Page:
Book Report: Two books that matter

51XL0AHlIvL._SY346_The Book that Matters Most

If, like me, you belong to book club, this book will appeal to you. It centers on a year in which the club’s theme is “The Book that Matters Most.” The members contribute the titles that matter most to them. Although they realize “it’s impossible to pick such a book. When you read a book, and who you are when you read it, makes it matter or not,” they find ten such books. The author cheated; she got to pick ten books that matter to the ten members of the club. Our book club is asked to do the same. How can I choose just one?

Ava, the main character, is facing mid-life after her husband’s affair and their recent divorce.  Her friend Cate invites her to join her book club, she accepts.

“She needed most of all, the comfort of people who wanted nothing more than to sit together and talk about books.

Ava immediately knows which book mattered most to her. It’s one she read as a child, just after her mother died.  The trouble is, it’s been out of print for years. No one can find it. Moreover, Ava has promised an appearance by the author who has disappeared. Or perhaps she never even existed. Then Ava’s troubled twenty-something daughter, Maggie, goes missing in Europe.

Those two compelling mysteries pull the reader through the story.

Perhaps the plot relies a little too much on coincidence for its resolution, but it was certainly enjoyable and worth recommending, if only for the discussion of the books. I’ve read two others by Ann Hood, The Red Thread and The Knitting Circle. I loved both, so I’m adding Hood to my collection of favorite authors named Ann: Ann Patchett, Anne Lamott, Anne Tyler, and Anna Quindlen.

If you had to choose the book that matters most, what would it be? Please comment below.

51Q+SOKe+PL._SY346_My Grandmother Asked Me to Tell You She’s Sorry

Aaah, where to start. I LOVED this one. Elsa, the seven (almost 8) year-old narrator is the very definition of precocious. And I think author, Fredrik Backman gets her voice just right. While Elsa is adept at looking things up on the Internet and has read a mountain of “quality literature,” her comprehension is still that of a seven-year-old.  For example, her mother is pregnant with a baby who will be Elsa’s half-brother or sister. Until it is explained to her, she believes the baby will be–somehow–half a person. When “gender roles” are mentioned, she thinks they mean “gender trolls.”

Elsa and her Granny live in an apartment house, along with Elsa’s pregnant mom, mom’s boyfriend, and a host of unique, colorful and well-drawn characters who each play a part in the unfolding of this tale. Granny weaves a world of stories to help Elsa navigate the real world. But some question Granny’s suitability as a companion. When we first meet Elsa and her Granny, they are being apprehended by police in the middle of the night after breaking into the zoo.  This happens after they have escaped the hospital where Granny is a patient.  Granny has also been known to deter unwanted visitors by shooting them with a paintball gun from her balcony while wearing only a dressing gown.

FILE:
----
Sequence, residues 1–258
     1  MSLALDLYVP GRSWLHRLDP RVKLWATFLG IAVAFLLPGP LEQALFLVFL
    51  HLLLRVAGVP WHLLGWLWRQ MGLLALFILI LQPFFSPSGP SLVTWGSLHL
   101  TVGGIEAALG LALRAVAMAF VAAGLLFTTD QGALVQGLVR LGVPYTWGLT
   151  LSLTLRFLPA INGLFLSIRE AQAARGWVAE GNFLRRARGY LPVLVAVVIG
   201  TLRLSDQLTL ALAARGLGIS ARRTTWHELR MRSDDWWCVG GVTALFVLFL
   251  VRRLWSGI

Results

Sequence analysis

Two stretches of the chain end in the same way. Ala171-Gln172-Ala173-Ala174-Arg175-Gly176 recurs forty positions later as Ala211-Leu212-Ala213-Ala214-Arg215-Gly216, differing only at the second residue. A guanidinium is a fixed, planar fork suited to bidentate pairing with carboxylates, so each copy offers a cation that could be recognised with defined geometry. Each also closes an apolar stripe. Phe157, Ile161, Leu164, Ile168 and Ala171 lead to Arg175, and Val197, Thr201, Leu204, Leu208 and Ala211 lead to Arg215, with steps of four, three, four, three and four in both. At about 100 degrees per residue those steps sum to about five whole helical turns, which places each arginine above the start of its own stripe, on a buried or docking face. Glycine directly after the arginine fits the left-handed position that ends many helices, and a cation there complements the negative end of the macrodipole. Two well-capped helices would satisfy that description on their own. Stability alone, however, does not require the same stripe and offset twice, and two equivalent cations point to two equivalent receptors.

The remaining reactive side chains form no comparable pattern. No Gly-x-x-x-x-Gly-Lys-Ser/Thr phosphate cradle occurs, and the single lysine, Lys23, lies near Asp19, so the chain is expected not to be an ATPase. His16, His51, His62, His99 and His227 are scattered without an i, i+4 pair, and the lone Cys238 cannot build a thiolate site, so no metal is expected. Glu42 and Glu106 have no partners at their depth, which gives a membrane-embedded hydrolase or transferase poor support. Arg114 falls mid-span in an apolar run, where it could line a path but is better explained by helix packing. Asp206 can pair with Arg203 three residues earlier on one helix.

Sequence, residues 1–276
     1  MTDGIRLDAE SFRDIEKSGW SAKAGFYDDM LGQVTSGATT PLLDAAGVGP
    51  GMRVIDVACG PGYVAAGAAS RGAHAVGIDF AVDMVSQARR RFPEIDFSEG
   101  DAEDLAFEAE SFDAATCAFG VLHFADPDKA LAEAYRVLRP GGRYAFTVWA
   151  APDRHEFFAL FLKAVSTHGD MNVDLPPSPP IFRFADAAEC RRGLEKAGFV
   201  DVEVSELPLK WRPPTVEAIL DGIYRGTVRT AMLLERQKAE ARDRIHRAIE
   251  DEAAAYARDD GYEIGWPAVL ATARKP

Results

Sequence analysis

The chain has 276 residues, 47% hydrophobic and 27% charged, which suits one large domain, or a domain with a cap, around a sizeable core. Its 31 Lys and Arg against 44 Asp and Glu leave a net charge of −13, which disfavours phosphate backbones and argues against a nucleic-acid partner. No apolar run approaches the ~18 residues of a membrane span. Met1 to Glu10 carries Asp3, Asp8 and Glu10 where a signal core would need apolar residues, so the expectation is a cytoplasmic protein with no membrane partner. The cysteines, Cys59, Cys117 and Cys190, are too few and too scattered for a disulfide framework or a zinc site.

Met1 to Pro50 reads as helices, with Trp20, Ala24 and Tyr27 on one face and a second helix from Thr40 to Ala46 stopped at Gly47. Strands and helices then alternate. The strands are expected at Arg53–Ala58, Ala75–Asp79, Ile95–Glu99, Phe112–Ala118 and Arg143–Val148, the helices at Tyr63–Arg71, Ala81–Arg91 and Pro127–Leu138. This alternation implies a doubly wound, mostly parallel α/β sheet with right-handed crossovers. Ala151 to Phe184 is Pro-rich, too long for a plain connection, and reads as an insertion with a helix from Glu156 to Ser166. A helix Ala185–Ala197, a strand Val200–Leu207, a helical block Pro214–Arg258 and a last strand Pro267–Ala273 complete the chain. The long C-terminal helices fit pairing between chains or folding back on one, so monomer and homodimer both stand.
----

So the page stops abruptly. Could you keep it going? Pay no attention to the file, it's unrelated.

Nonetheless, Granny understands the power of stories and what they teach us about real life and real dangers. She tries to prepare Elsa for what is to come.

Some of Granny’s lessons:

“Only different people change the world,” Granny used to say. “No one normal has ever changed a crapping thing.”

“…not all monsters were monsters in the beginning. Some are monsters born of sorrow.”

 “…the real trick of life was that almost no one is entirely a shit and almost no one is entirely not a shit. The hard part of life is keeping as much of the not-a-shit side as one can.”

And what stories teach us:

 “…if there is a dragon at the beginning of the story, the dragon will turn up again before the story is done. She knows everything has to become darker and more horrible before everything works out just fine at the end. Because that is how all of the best stories go.”

“People have to tell their stories…Or they suffocate.”

And the power of chocolate:

“…you can be upset while you’re eating chocolate Santas. But it’s much, much more difficult.”

Since I’m the grandmother to a super-smart seven (almost eight) year-old girl, this one went right to my heart. It’s warm, funny, wisecrack-y, sad, a little dark and scary at times, but ultimately triumphant. I can’t recommend it enough.